(This was initially posted in July 2013 after San Diego Comic Con on another blog of Keith’s. Keith will be shutting down that blog soon so can migrate the posts over to Kodoja.com!)
It’s three days afterward and I’m still going through an annual event of mine – the San Diego Comic Con Detox. I table frequently at Comic Conventions to promote my (independently released giant monster) comic Kodoja – but this is the only convention a year where I walk through the main doors on the fan side.
This is my third year attending SDCC and I’ll probably remember this year for two things: (1) it was the year my tastes were actually mainstream, with both Pacific Rim and Godzilla having a large Comic Con presence and (2) it was the year I feel I became a Comic Con ‘veteran’.
For the first item, the experience of having my (Giant Monster / Tokusatsu) tastes was both rewarding and frustrating. Rewarding to look around and see Pacific Rim props / posters / t-shirts, Godzilla posters and prints peppering the convention floor, having an actual Godzilla panel (!) for the upcoming film, and of course the viral/marketing off-site event The Godzilla Encounter. Frustrating for those very same reasons – by those things being current movie properties AND being visible to the public, that means there are way more people that know about them and way more demand. Meaning, I actually have to fight people to get to events or get stuff! It was (and still is, after the fact) a bit of culture shock.
For the second item, I don’t know what it is but the third time around the Con flicked some sort of switch in that I felt I knew my way. I know the quickest way to get across the floor in minimal time, I know how to get to the panel rooms quickly, I know good places to eat downtown…but even more importantly I know how to make my own schedule. I’m sure there are cyborgs out there that can do it, but for me it’s impossible to stay on the Convention Floor for too long without getting exhausted – you need breaks from the floor and from the SD Convention Center. It’s the Circadian Rhythm of Comic Con, and it took me a few years but I finally mastered it. But the main attraction while I was there was….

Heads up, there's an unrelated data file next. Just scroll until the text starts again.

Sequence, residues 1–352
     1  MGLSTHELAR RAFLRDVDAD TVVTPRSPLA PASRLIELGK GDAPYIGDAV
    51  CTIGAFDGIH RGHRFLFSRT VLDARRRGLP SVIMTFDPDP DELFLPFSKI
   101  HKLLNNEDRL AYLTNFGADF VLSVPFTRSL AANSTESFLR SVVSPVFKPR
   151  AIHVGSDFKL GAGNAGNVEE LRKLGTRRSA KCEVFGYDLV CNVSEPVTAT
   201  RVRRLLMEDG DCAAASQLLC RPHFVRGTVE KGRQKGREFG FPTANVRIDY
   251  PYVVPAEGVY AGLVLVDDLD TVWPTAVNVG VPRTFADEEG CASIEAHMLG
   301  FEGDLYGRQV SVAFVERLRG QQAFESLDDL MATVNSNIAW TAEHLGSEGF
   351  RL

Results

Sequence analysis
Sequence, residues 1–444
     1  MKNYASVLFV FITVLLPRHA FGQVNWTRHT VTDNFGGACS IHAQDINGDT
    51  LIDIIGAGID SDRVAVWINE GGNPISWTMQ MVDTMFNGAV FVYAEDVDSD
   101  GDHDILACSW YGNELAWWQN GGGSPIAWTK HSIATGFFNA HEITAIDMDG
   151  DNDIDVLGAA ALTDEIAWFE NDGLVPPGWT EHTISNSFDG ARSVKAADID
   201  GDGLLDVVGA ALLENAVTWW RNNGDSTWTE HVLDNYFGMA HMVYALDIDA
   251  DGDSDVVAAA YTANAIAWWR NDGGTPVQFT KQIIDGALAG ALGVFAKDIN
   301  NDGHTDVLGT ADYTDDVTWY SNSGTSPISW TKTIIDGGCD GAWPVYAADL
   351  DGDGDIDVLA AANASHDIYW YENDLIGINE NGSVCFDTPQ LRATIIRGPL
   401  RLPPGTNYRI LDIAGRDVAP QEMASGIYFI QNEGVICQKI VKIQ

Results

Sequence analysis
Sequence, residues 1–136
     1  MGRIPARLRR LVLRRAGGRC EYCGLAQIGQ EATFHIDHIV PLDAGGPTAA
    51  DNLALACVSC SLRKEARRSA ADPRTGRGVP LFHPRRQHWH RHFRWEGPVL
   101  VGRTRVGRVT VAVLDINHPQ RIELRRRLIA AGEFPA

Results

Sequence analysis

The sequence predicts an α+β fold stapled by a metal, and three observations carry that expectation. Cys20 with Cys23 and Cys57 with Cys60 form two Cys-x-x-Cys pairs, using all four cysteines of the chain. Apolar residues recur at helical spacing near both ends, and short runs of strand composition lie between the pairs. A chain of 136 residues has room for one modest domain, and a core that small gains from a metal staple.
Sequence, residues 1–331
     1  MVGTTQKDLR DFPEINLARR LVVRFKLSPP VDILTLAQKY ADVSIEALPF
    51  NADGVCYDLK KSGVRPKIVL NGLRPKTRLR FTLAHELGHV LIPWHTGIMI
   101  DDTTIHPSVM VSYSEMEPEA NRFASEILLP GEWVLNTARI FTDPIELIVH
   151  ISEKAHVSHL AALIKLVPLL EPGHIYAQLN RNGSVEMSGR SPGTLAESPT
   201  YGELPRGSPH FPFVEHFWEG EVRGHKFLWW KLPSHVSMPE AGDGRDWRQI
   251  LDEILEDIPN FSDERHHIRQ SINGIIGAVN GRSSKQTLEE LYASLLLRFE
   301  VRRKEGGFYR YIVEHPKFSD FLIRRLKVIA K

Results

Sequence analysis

THE GODZILLA STUFF
As you probably know by now, the Godzilla panel was great and included a nice Gareth Edwards anecdote, as well as some teaser footage that revealed a Mantis-Meets-Alien monster and some pretty impressive destruction, as well as the tease that this Godzilla will be HUGE in terms of actual creature size!
As for The Godzilla Encounter, it was as good as it gets (when you consider it was a free, viral-marketing event created by the studio). Part living, breathing Godzilla museum and part interactive ‘ride’, the first part of the exhibit recreated a Tokyo City block and peppered it with all kinds of Godzilla stuff – a Godzilla suit, overturned police car, gorgeous wall murals, special ‘code puzzle’ clues you solved with your phone to reveal Godzilla concept art for the film, and – the point of most discussion – a room with all kinds of Godzilla toys and a few one-of-a-kind Godzilla concept art statues that may or may not look like the final monster in the film. Unfortunately the time there is limited – sirens went off and everyone got ushered to a control room where actors / scientists were tracking Godzilla. The situation worsened and everyone was ushered onto an ‘elevator’ that began it course to the roof only to experience a massive wave (presumably from Godzilla stomping around nearby). Everyone is ushered out on the ‘25th floor’, a recreated office building floor looking out into a rainy city. After a brief few seconds, Godzilla appeared and stomped right to left. Just when it seemed he was gone, Godzilla proceeds to slowly raise his head and look right at you before stomping off to the right again. Crisis averted! The best things in life are free, and this definitely qualifies – it was the most enjoyable thing about Godzilla’s presence at Comic Con.
ABOUT THE DETOX
San Diego Comic Con is the closest thing in reality to a Twitter feed, only it bombards all of your senses instead of just one. Information is updating every few seconds, everyone’s vying for your attention, everyone’s promoting themselves, and no matter where you are or what you’re doing, you get the weird feeling you’re missing something out there that’s better than what you have going on. Even if you acknowledge this and try to manage your intake, after a few days it starts to feel natural. Again, there is *always* something going on. Even if you don’t act on information when you find out about new events, they are going on regardless and they affect you in terms of how you think. And when you’re heading home Sunday night and all of that just stops after four days of it, the effect is jarring. It’s almost like everyday life is trite. Now of course this isn’t the case, but for a brief period you have to recover from the insane pacing before you resume the normal pacing of your life.